3. What you told us

This Strategy has been developed based on two rounds of consultation, both conducted in parallel with consultation on the review of our Local Plan – the spatial plan for the borough. The first was an ‘open sheet’ consultation where we asked how people felt about key transport issues, such as motor traffic levels and the quality of public transport. We asked for feedback on our proposal for a Healthy Route Network to improve conditions for walking and cycling in the borough. Taking into account the responses we received, we then prepared our Draft Transport Strategy and in the second round of consultation we asked for views on this. We received many responses to these consultations, both from individuals and from groups and organisations. A full consultation report is available on the council’s website, with a brief summary provided here below.

To summarise the feedback you gave us:

  • Four out of five people agreed with the principle that we should encourage people to walk, cycle and use public transport rather than travel by car
  • Improvements to infrastructure including better or more pavements, cycle routes and parking, electric vehicle charging points and bus lanes, were supported to encourage walking, cycling and public transport and in turn reduce car use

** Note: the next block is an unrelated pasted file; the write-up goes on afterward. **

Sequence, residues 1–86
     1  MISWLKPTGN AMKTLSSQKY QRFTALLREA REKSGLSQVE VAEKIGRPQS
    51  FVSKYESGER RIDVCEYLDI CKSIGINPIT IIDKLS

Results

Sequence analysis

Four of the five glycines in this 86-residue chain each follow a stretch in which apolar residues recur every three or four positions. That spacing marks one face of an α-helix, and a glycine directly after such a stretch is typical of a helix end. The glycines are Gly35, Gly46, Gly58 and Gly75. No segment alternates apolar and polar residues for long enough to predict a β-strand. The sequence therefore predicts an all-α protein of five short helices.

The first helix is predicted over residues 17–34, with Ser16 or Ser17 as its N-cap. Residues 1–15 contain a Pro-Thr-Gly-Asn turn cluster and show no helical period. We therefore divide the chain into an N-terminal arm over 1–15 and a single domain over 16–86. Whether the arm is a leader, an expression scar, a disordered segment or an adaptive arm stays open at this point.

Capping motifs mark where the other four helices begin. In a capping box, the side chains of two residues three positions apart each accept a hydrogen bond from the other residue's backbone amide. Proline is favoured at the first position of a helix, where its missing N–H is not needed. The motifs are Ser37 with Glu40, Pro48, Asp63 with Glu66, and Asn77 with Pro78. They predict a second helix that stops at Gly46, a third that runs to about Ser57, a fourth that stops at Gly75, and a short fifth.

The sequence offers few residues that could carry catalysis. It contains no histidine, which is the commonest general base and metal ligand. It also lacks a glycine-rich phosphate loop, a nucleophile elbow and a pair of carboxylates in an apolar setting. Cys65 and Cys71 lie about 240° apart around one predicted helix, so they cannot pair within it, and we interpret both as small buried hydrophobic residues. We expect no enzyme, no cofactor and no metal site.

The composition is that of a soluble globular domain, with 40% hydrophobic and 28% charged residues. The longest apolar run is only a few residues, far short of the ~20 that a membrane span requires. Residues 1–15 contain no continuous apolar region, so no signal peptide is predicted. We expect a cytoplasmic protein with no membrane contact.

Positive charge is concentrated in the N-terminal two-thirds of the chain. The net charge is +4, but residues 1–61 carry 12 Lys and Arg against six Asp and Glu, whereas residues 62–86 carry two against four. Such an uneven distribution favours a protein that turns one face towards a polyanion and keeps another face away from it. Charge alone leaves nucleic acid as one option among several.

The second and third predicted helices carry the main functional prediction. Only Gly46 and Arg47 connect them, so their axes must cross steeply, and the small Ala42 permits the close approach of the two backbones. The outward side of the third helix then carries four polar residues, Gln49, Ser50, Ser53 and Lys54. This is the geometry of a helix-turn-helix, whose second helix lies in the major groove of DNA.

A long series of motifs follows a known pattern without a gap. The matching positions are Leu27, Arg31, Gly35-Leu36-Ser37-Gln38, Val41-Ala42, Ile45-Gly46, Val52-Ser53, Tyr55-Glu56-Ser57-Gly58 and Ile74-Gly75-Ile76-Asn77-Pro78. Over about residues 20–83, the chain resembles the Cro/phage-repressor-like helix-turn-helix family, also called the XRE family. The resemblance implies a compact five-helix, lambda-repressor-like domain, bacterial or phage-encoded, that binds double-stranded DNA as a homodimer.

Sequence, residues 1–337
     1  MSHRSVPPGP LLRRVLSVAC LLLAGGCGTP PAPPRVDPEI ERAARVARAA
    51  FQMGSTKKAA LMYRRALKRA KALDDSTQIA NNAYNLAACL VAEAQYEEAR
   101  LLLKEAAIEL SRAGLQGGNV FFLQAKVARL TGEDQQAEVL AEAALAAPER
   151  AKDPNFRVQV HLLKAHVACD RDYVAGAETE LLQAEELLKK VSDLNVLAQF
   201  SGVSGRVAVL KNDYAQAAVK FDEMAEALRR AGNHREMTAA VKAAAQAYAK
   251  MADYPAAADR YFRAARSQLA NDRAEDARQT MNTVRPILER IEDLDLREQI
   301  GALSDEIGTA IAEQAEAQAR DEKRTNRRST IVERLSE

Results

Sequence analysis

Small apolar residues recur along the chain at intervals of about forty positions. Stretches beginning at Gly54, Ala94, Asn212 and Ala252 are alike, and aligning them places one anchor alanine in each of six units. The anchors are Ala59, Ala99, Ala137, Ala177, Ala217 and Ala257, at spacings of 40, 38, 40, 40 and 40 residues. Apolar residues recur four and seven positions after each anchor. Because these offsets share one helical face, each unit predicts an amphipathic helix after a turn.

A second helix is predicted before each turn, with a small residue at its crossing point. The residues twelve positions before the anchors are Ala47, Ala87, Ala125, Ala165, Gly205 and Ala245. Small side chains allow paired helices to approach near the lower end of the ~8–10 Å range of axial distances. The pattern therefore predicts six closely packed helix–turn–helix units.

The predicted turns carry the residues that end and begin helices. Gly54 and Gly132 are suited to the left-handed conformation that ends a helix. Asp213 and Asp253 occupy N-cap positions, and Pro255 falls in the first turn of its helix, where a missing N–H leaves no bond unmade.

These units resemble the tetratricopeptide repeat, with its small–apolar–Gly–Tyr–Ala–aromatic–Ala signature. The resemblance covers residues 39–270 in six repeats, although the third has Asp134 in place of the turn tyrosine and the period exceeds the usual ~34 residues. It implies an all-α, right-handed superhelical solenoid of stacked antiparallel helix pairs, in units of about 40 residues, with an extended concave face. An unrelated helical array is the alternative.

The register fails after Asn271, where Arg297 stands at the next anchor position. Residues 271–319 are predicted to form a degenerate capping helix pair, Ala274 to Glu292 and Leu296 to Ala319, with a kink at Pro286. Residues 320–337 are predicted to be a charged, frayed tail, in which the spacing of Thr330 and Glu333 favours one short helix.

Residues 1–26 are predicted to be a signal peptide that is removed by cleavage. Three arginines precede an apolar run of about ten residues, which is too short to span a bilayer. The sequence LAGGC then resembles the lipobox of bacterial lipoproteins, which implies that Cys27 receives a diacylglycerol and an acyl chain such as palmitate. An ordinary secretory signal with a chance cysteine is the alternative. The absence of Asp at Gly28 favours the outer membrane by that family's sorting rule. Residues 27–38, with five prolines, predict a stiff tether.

• There is a strong feeling about needing to protect local streets from ‘rat running’ traffic
  • People felt that public transport is not always reliable or efficient, is often overcrowded and parts of the borough are not adequately served
  • People felt that a priority should be to enforce existing rules to reduce road danger, for example in relation to speeding and running red lights
  • There is a support for parking controls to manage the demand for parking and for alternative uses of the kerbside, such as cycle parking, to be considered
  • Most people felt that new development should be car free except for disabled parking
  • There is a high level of interest in developing better routes and links for walking and cycling in the borough.
  • At least 70% of respondents either agreed, or strongly agreed with the four Guiding Principles included in our Draft Transport Strategy.
  • A number respondents asked for more detail to be provided on how we will implement the objectives of the Strategy. The Transport Strategy Implementation Plan (TSIP) has been developed in response to this feedback.

You can view the Health Routes Consultation responses as an interactive map here

4. Equalities and Environmental Assessment

The Transport Strategy and Implementation Plan are subject to the requirement to carry out assessments to determine both environmental and equalities impacts that may result from the policies they contain. Both assessments have been used to help shape and improve the Transport Strategy and Implementation Plan prior to adoption as policy.